Clinical Pharmacology Explained for Pharmaceutical Certification Students

While pharmacy is the science of the development, preparation, and distribution of drugs, clinical pharmacology focuses on exploring the relationship between drugs and the humans they’re prescribed to. As a subset of biomedical science, clinical pharmacology is underpinned by the application of pharmacological methods and principles to explore how drugs directly affect populations. The discipline of clinical pharmacology connects science with the practice of medicine, ensuring that those receiving drugs are effectively treated and that potential side effects are reduced.

If you’re exploring a career in Pharmaceutical Quality Assurance and Quality Control, you’ll be working to ensure that pharmaceutical drugs are both useful and safe. Within this role, the application of clinical pharmacology principles is important in ensuring that a medication is safely developed and regulated. 

Read on to discover more about clinical pharmacology and its importance within the pharmaceutical industry.

A Brief History of Clinical Pharmacology for Pharmaceutical Certification Students

Clinical pharmacology began as a general practice of trial and error in observing the effects of treatments and remedies on humans. While clinical pharmacology was originally confined to observing the body’s biological responses to drugs without attempting to understand the mechanisms behind them, the concept of clinical pharmacology became officially recognized in the 19th century. In 1847, Rudolf Buchheim was appointed as the first professor of pharmacology at Estonia’s University of Dorpat. Buchheim is responsible for taking the empirical study of drugs a step further, turning it into an experimental science.

Clinical pharmacology is a discipline that explores how drugs and humans interact

Today, pharmacology is a well-explored field of study, attempting to:

  • Analyze drugs for their desired activities
  • Determine a drug’s mode of action
  • Quantify drug activity

If you’re getting your pharmaceutical certification, it’s important to understand the role that clinical pharmacology plays in the development of pharmaceutical drugs. Clinical pharmacology utilizes the principles of pharmacology to determine how a drug interacts with patients. Clinical pharmacologists work to ensure the drug’s safety and effectiveness in order to provide patients with the highest level of care. 

The Principles of Clinical Pharmacology

Clinical pharmacology utilizes several different approaches to fully understand how a drug behaves as a treatment. These topics include, but are not limited to:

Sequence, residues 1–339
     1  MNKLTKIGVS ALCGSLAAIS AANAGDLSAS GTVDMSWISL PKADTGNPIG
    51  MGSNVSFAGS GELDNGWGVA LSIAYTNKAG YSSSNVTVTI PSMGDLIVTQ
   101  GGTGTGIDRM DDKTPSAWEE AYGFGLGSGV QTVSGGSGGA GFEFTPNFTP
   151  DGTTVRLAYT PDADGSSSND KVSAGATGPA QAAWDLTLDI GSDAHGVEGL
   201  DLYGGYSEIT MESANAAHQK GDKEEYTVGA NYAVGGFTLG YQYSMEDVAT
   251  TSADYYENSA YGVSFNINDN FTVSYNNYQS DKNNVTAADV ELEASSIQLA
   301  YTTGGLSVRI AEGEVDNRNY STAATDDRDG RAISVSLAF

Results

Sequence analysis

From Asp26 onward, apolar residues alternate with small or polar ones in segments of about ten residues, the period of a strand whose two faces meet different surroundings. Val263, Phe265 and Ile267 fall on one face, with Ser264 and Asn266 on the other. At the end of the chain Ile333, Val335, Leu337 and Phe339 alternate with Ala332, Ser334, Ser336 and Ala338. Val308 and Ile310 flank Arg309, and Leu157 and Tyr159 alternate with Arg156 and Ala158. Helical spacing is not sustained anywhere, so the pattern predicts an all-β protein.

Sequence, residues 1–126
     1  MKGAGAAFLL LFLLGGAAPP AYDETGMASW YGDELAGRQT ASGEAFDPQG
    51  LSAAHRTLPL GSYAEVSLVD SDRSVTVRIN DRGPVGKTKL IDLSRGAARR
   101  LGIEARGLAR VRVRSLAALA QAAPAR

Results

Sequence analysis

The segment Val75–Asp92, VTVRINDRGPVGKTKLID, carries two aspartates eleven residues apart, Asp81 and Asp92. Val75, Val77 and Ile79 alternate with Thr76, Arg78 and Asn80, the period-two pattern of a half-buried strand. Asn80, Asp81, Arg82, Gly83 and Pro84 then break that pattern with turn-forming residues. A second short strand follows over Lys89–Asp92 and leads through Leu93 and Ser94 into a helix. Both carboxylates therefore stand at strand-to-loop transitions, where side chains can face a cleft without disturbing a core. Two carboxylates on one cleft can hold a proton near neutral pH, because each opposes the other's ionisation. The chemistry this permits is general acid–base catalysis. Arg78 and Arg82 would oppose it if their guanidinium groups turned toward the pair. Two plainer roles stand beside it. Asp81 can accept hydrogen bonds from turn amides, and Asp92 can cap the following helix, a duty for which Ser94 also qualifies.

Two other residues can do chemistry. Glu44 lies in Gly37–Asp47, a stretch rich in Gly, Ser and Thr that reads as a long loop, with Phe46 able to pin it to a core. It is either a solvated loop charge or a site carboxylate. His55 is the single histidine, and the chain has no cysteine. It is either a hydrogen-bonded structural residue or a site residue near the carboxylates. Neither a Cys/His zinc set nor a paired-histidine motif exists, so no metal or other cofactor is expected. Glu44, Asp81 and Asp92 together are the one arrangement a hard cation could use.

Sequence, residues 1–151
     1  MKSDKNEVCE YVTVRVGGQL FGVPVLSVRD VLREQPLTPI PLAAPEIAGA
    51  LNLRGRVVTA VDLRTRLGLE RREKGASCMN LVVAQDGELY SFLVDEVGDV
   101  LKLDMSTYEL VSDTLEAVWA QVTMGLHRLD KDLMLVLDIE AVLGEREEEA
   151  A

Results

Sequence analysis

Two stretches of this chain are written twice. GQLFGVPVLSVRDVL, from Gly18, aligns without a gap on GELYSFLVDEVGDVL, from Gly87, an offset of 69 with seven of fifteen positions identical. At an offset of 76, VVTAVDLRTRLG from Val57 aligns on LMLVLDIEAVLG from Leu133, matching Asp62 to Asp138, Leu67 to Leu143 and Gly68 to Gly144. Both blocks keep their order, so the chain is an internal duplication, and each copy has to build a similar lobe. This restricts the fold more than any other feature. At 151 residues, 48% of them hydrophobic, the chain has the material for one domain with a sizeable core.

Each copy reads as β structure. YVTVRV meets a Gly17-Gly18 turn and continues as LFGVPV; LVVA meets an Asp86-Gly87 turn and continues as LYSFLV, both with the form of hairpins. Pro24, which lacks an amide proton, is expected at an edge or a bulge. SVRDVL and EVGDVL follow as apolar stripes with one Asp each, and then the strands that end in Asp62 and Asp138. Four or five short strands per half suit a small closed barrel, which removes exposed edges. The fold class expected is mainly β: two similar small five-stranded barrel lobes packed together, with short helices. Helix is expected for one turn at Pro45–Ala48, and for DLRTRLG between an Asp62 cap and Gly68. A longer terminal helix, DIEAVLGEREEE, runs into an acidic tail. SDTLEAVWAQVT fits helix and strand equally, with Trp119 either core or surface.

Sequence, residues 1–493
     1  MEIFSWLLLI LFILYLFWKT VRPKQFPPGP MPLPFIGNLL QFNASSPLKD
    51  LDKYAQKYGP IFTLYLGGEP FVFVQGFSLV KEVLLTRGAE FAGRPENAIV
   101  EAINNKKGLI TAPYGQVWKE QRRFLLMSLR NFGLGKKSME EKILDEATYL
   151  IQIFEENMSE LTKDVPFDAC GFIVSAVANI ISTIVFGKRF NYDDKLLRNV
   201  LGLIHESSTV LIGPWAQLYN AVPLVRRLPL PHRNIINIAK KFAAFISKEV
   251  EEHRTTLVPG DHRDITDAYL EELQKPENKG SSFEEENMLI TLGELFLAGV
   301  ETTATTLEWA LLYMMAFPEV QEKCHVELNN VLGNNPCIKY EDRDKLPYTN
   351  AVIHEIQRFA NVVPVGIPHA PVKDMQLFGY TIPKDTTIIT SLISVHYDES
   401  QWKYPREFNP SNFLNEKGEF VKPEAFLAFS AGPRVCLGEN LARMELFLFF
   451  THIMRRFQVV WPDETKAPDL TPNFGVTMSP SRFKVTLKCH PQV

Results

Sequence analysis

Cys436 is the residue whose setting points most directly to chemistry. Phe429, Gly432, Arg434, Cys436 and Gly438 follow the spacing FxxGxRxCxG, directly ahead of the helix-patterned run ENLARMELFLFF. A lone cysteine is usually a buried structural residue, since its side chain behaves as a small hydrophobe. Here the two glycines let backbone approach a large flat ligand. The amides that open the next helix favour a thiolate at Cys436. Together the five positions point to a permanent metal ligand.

• Pharmacokinetics 
  • Pharmacodynamics 
  • Pharmacogenetics 

Clinical pharmacology includes several methods of study to determine how a drug will affect humans

Pharmacokinetics is the study of how an organism (or a human) affects a drug. On the other hand, pharmacodynamics is the study of how the drug affects the organism. In pharmacokinetics, the chemical metabolism of a drug within the body is analyzed, beginning from when it’s administered up until it’s expelled from the body. 

Pharmacodynamics takes into account the concentration of a drug, determining the proper dosage needed for the drug to effectively bind to the receptor and produce the desired effect. 

Pharmacogenetics is the study of how different gene variations can determine the probability of a positive or negative reaction to a drug. Pharmacogenetics is related to the field of pharmacogenomics, in which the development of a drug is based upon gene variations. Together, pharmacokinetics, pharmacodynamics, and pharmacogenetics have an influence on how a drug is prescribed. They also influence the benefits of a drug’s treatment and its side effects. 

Pharmacokinetics, pharmacodynamics, and pharmacogenetics work together to influence how a drug is prescribed

Clinical Pharmacology and Pharmaceutical Quality Control and Assurance: How are they Related?

Quality assurance and quality control are important components of the safe and ethical development of a medication in any pharmaceutical laboratory. Graduates of pharmaceutical certification programs may work to ensure that pharmaceutical products are fit for their intended use before leaving the laboratory. These professionals use various measures to verify a product’s quality throughout the stages of its development, from manufacturing to distribution and storage. 

Within Clinical Pharmacology laboratories, quality assurance and control professionals are responsible for monitoring and evaluating the ability of clinical pharmacologists to develop treatments and study their effects on humans in a safe and effective manner. While complying with industry regulations, quality control and quality assurance associates may test production batches prior to their release using chemical and physical techniques. When equipped with an understanding of Clinical Pharmacology, these professionals work to reassure the public that a drug is safe to be prescribed.

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